These days feel like an endless episode of Nailed It. We’re in the midst of a global pandemic. 57 days of self isolation so far.
Here’s what I feel like I’m supposed to be creating: a harmonious home life, sufficient academic engagement (done online so teachers can track progress), unique learning opportunities beyond the assigned school work, online interaction with friends and family, life-skills training, a fully sanitized house, nourishing meals, and more. I’m sure there’s more. Oh….there’s bread. The shortage of flour and yeast indicate that everyone is making bread.
Posts of online music lessons, children learning new languages, pretty chalk drawings on sidewalks, jigsaw puzzles, and family movie nights are monopolizing my news feed.
I’m not sharing.
Until recently, nearly every moment has been cloaked in gravity. It’s been heavy. We’ve all been coming to terms with reality in our own ways. Mostly it’s been lots of tears and raised voices. It’s been chaos and frustration.
I’ve been building raised garden beds. Figuring out how to secure an area in the yard for the dog and children. Ordering seeds in hopes of growing food that will sustain us in these uncertain times. Preparing for and planting the trees and fruit bushes I ordered before the pandemic. We’re raising meat chickens. Laying chickens will arrive at the end of May. There’s a coop to be created. A mobile structure to house the meat birds. Like most things I undertake, I really don’t know what I’m doing. With everyone home all the time, there’s not much time to research or learn.
Then there’s the meals and snacks. Everyone is hungry all the time. On a consistent basis, I resort to store bought cereal. There isn’t time to produce home made breakfasts each day – something that happened before the pandemic. I struggle to churn out a batch of bread each week. School snacks that keep coming via Amazon subscribe and save are devoured in record time leaving the children with nothing until the next order arrives.
There are memories being made but not necessarily the picture perfect kind. They’re fuzzy and often convoluted. Like the moment before the 1yr old tries to bite into a baby chick because the 10yr old said it tastes like chocolate.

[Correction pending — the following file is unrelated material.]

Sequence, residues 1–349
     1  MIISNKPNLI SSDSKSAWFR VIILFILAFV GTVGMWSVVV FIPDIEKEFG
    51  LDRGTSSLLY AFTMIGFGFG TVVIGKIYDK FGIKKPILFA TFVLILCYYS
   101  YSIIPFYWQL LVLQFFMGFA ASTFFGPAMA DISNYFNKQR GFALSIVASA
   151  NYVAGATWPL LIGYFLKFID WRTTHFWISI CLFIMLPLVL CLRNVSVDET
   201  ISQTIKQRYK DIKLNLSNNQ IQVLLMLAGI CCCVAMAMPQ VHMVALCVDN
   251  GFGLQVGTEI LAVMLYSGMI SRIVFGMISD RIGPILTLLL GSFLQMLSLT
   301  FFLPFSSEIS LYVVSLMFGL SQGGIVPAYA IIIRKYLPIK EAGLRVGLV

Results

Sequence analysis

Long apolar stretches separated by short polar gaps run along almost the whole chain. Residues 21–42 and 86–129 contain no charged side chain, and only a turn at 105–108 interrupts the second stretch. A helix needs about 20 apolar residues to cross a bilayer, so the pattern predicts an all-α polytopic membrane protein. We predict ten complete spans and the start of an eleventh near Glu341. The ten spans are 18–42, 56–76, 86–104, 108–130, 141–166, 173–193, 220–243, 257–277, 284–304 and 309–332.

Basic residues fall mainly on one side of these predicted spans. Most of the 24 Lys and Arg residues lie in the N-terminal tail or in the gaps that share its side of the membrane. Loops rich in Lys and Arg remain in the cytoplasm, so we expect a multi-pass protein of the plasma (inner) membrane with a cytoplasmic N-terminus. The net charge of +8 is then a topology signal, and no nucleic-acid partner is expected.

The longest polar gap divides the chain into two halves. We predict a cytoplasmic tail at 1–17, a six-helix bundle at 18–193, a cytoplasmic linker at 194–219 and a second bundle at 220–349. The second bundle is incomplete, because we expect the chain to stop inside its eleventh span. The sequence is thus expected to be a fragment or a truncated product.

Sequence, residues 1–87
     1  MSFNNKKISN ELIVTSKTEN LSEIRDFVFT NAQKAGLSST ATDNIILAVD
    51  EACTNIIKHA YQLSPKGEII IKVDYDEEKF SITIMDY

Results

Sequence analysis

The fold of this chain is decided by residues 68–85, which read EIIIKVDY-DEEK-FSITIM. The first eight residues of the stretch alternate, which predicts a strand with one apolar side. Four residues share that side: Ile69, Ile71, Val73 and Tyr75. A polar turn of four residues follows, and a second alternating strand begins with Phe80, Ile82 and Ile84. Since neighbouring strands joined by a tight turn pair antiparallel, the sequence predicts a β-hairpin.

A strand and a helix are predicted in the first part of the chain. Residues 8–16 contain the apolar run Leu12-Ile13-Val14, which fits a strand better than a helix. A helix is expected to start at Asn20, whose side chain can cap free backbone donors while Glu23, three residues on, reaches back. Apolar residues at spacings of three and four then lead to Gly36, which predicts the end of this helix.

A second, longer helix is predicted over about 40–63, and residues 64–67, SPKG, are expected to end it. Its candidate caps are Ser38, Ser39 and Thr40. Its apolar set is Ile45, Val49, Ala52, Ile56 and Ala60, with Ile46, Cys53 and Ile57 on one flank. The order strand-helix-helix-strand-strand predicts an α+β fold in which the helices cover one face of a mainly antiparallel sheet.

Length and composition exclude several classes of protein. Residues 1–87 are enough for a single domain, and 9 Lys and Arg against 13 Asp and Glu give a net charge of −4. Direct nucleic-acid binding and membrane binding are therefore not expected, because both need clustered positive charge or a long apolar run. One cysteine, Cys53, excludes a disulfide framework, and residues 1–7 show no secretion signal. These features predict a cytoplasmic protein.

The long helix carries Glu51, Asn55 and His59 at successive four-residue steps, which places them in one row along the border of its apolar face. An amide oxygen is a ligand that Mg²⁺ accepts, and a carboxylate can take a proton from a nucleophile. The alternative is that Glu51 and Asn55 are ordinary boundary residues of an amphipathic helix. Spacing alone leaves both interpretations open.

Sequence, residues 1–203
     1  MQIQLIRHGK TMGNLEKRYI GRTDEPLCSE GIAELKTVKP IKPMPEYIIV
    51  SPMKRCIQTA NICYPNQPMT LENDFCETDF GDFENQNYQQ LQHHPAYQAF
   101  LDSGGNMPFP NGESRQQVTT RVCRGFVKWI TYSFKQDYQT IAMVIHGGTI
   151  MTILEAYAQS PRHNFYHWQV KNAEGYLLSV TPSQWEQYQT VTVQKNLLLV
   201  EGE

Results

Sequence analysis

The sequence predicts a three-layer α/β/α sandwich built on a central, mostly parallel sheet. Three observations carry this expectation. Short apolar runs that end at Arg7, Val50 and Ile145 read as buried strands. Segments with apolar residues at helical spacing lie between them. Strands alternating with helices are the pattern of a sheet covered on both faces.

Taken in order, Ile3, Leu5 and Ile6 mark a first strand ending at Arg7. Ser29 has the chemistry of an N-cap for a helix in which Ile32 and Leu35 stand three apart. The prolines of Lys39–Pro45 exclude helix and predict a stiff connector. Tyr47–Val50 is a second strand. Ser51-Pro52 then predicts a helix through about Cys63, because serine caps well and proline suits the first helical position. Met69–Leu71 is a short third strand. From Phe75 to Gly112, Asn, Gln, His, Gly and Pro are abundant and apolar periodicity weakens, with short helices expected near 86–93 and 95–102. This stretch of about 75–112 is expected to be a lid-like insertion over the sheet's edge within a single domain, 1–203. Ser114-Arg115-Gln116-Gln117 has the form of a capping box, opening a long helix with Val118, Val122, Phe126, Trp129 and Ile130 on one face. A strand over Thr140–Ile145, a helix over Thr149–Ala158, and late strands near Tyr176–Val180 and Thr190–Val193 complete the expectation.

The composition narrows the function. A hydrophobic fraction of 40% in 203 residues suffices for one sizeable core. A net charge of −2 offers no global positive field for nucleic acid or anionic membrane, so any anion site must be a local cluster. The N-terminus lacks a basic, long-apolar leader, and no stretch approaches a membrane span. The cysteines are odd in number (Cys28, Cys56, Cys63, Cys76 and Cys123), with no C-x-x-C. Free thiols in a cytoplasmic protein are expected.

Chocolate is what gets us through most days. After dinner two pieces are handed out for children who went to bed without any trouble the night before and managed to eat the food given to them at supper. All of that’s easy for everyone except 5yr old, Branch.
Multiple times in the day, I throw up my hands and declare, “Nailed it!” I can hear the announcers voice from the tv show, “Here’s what you were supposed to create: a lovely learning experience of growing an orchard together. Here’s what you’ve given us…..” I’m crawling on the ground replanting all the apple saplings because the 5yr old pulled them out. I’m crying. The baby is crying in her stroller because no one will push her. The dog is barking at something. The 5 & 6yr old are running around somewhere, I’m not sure where. 10yr old is complaining that it’s too cold to be outside when I ask her to stroll the 1yr old. She goes in but then is out like a shot as soon as the neighbour children appear in their backyard. The 12yr old is standing over me saying with her usual measure of force, “These trees better not die.”
“It’s much easier to keep human babies alive than baby chickens,” my 10yr old observes when she finds another lifeless body. We started with 52 chicks and are now down to 43. Life lessons. Not necessarily pretty ones. “We’ll miss you, Supper!” the 5yr old says as the 12yr old transports the casualty. The chickens will eventually be food for us, so Branch has named them all Supper.
Life is unfolding. The children are learning but not through the vehicles provided. I can’t find hours a day to corral everyone around devices. The oldest are observing the parenting style of robins. There’s a nest visible from our dinning room. The younger watch flocks of red-winged black birds pecking along the driveway. They’re being read to daily. Most of the time, they’re getting along. As time goes on, there’s less strife. As time goes on, the fleeting beauty of significant moments are reaching me.
It’s hard. This season of life with all it’s uncertainty and unnatural restrictions is hard. It’s really hard. There’s goodness in the midst of it but that doesn’t negate just how hard it is.